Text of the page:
Robert's ex-wife Suzy left him abruptly two years ago. He doesn't know why, or why they married at all, only that he misses her like a lost tooth. When she goes missing and her new husband blackmails him into searching for her, Robert thinks he might finally get some answers. The path of his investigation, signposted with uneasy allies and glittering Vegas casinos, reveals that their shared past is thick with ghosts and roars with the echo of the Vietnam War. Dragonfish matches any of the best in the ranks of noir novels, and it's a spellbinding meditation on migration, loss, and love.
"Note-perfect. Heartbreaking. Profound…[A] polished dagger of a novel that will cut out your heart." —Charles Bock, New York Times best-selling author of Beautiful Children
Robert, an Oakland cop, still can’t let go of Suzy, the mysterious Vietnamese wife who left him. Now she’s disappeared from her new husband, Sonny, a violent smuggler who blackmails Robert into finding her. Searching for Suzy in the sleek and seamy gambling dens of Las Vegas, Robert finds himself also chasing the past that haunts her—one that extends back to Vietnam and a refugee camp in Malaysia, and forward to Suzy’s estranged daughter, a poker shark now taking the future into her own hands.
About the Author
Vu Tran was born in Saigon, Vietnam, and raised in Oklahoma. He is the winner of a Whiting Award, and his short stories have appeared in many publications, including The O. Henry Prize Stories and The Best American Mystery Stories. He teaches creative writing at the University of Chicago.
Well-handled and tautly told…[A] strong first novel for its risk taking, for its collapsing of genre, for its elegant language and its mediation of a history that is integral to post-1960s American identity yet often ignored. — Chris Abani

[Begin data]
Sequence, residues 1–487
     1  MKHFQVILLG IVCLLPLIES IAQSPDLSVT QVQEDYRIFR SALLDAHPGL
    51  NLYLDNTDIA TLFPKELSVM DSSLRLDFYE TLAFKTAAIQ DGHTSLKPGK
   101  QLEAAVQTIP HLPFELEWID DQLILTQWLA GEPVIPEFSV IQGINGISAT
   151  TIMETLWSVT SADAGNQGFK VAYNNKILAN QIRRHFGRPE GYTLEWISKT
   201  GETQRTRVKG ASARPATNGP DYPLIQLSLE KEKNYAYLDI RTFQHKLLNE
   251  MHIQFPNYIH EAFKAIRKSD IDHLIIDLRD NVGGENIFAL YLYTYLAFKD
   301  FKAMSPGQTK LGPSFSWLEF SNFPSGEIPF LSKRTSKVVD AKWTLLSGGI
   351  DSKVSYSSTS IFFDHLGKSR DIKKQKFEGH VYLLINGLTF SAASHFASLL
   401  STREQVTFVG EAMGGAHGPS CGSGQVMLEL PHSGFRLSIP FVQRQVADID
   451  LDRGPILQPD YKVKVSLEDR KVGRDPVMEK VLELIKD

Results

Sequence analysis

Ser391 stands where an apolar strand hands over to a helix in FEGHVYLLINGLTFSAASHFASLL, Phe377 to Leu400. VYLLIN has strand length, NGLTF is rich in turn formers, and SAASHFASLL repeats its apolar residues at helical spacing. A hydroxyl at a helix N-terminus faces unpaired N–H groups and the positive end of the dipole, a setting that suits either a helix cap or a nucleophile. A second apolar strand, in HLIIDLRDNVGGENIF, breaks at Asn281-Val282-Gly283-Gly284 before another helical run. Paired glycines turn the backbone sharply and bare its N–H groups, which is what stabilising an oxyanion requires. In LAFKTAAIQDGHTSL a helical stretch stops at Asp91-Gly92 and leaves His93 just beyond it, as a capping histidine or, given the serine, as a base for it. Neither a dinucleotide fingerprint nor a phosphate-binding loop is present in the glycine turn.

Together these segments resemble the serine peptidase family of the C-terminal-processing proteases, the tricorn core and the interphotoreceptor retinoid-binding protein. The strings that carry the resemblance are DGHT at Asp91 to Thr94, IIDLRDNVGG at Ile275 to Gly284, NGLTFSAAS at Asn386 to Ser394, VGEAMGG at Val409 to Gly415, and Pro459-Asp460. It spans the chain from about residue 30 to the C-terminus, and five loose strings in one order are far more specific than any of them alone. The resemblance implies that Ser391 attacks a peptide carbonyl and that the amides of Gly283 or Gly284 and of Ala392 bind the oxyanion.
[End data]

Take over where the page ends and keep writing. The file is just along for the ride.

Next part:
Heartbreaking and haunting.
Transfixing…Like such writers as Caryl Phillips, Dinaw Mengestu and Edwidge Danticat, [Tran] is devoted to capturing the immigrant experience and widening everyone’s understanding of its particular as well as universal truths. — Lloyd Sachs
Splendid…will quickly engage you with its suspenseful story of marital discord, told in duplicate, and set largely in Las Vegas…A dark and gripping story, Dragonfish will keep you reading, out of fear that if you stop, you will never truly surface.
— Anne Morris
[A] hard-hitting debut novel…. [Suzy is] a mystery no one can solve, particularly the people turning all their efforts in the wrong direction. But while their efforts aren’t fruitful, they’re absorbing. And they speak to the way everyone is a bit of an enigma to other people, no matter how many words they put into the effort to be understood.
Like Gatsby, the characters in Tran’s novel yearn for something unattainable…This and the feeling that there will only be a tragic end are what elevate Dragonfish beyond its bookstore genre.
A sophisticated mystery anchored in one woman’s quest to make amends with the daughter she abandoned, Dragonfish delicately capsizes our notions of what it means to long for escape from the prisons of our own making.
A superb debut novel…that takes the noir basics and infuses them with the bitters of loss and isolation peculiar to the refugee and immigrant tale. — Maureen Corrigan
Everything is perfect there, those quiet little garnishes of idiosyncratic detail are gifts, both amusing and full of character. Tran’s novel is filled with this sort of inspired meticulousness, and reading it is to enter its world.
Absolutely gripping. Vu Tran has written a terrific—and deceptively weird—novel that manages to make Vietnam and Las Vegas feel like old, familiar friends. Don’t call him a writer to watch. Call him a writer to read. — Tom Bissell, author of The Father of All Things